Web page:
Friday, May 6, 2011

Bingo in Florida: Game 10 in Lakeland

Bingo, I returned to Florida after barnstorming my anthem tour to Alabama for a single game with the Biscuits.   
In Lakeland, the Flying Tigers enjoy the longest continuous relationship—45 years—with a Major League team.  The stadium is named for longtime local Parks and Recreation Director Joker Marchant; and while the name of the ballpark has nothing to do with Detroit's decades' history with Lakeland, the art and architecture at the park unmistakably align the team with Detroit.  
Tiger stripes in the tilework at the ticket booth.
Near the home plate entrance to the ballpark, there other unmistakable tributes to the Detroit.  Adjacent streets are named for Hall of Famer Al Kaline and fan favorite Willie Horton, and beside the ticket booths inscribed tiles honor the success of favorite players and the devotion of fans. 

Fans' tribute to Tiger favorites, announcer Ernie Harwell and SS Allan Tramell.

Before the game two players saw me preparing to sing and inquired about the anthem tour since they had heard me at Clearwater a couple of days earlier.  One was reserve catcher Eric Roof.  The name was distinct.  For more than a decade I had tracked the career of Phil Roof, a catcher who had caught more than 800 games for 8 teams during his 15-year Major League career.  So why would I follow a journeyman catcher?  It’s simple.  He was from Paducah, Kentucky where my family has generations of roots.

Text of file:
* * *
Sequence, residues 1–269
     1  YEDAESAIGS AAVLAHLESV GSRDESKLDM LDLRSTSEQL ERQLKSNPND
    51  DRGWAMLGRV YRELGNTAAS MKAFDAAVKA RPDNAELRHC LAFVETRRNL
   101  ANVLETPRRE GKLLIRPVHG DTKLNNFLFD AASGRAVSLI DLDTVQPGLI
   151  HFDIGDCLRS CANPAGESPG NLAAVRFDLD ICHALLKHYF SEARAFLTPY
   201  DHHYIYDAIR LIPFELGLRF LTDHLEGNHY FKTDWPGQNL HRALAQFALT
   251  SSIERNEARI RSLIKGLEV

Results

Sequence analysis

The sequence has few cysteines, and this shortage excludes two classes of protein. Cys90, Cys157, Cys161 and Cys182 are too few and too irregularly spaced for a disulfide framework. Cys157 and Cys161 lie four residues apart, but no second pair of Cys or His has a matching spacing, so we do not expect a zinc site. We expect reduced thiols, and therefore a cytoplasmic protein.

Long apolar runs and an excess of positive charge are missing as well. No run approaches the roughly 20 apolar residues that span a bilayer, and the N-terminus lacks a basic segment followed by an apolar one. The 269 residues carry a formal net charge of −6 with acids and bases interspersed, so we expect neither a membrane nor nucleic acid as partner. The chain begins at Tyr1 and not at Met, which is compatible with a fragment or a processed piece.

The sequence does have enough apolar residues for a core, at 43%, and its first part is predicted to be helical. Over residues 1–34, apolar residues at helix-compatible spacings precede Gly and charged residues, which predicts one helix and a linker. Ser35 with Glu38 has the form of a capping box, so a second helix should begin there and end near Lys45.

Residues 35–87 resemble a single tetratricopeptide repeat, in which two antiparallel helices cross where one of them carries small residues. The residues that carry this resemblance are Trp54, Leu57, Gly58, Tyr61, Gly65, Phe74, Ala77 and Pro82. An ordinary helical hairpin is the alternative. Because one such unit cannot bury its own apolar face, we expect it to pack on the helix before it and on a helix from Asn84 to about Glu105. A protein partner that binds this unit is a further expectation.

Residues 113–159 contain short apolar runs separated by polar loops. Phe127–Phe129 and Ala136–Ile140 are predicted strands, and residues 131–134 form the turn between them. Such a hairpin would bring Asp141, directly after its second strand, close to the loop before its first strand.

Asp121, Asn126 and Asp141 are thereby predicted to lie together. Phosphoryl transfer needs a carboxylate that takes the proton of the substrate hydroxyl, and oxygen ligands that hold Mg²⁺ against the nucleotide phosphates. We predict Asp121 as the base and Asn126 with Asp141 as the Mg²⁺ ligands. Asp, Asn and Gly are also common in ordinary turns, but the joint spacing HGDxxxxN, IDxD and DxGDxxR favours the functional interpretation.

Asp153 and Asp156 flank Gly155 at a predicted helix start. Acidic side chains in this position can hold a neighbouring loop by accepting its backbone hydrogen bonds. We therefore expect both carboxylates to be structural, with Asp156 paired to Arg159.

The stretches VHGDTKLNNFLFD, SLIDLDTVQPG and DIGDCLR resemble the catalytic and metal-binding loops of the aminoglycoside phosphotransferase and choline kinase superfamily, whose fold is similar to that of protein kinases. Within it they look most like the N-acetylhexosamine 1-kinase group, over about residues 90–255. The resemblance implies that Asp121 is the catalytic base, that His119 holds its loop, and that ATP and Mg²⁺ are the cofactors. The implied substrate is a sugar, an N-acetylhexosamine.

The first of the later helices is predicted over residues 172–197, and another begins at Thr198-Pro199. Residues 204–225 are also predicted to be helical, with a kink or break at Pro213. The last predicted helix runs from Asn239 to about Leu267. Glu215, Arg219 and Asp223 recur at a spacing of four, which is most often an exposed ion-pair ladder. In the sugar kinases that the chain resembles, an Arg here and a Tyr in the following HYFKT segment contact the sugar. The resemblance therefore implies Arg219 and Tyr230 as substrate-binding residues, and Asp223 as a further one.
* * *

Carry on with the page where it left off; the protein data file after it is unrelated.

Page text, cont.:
So I inquired about whether Eric is related to the Paducah Roofs—either Phil or his brother Gene, an outfielder who drank about 50 cups of coffee for St. Louis and Montreal. Eric said both his uncle and father are from the Paducah area.  But I never learned who was his father, although the catching gene would favor Phil as the likely sire.
Lakeland distinguished itself in other ways too: Start with the osprey nest atop the outfield light standard, an attraction duplicated only at Brevard County. Add the voices that rang throughout the stands. The P.A. announcer was a woman, the only alto I heard in Florida.  When she read the promo about the outfield egg hunt on the day before Easter, she noted that some of the 20,000 eggs would be dropped from a helicopter.  Amazed and befuddled by that incredulous number, she reduced the number to 2000, then checked the data again and reported the number as 20,000. 
Promo poster behind home plate seats for the Easter Egg Hunt.
Since 2053 fans attended the day of the hunt, it’s possible that some quick kids with large baskets gathered as many as a hundred eggs.  The curious question then would be whether they played egg toss during the game or, tossing harder, peg egg. 

For another, Lakeland tolerated the loudest fan whom I heard in Florida.  With a particular rasp and pitch, he kept urging his Tigers to hit the ball, yelling for all to hear, perhaps even loud enough to puzzle youthful players at other ballparks miles away. “You’re not in Little League any more.  Swing the bat!”

On this week-night before school begins its summer recess, the sparse crowd of 448 was dominated by senior citizens.  The in-game activities appealed primarily to them rather than to children, who typically enjoy baserunning against the mascot or water balloon toss.  Lakeland involved all of the fans throughout the early innings by playing a baseball bingo that correlates players by position the results of their at-bats.

Not quite like the older table baseball games of APBA or Strat-o-Matic, the bingo served as a blend of familiar and fantasy games.

With lightning in the distance and miles to drive after the game, I left early, with Lakeland leading shortly after the umpire called the batter out and a fan called out, "Bingo."

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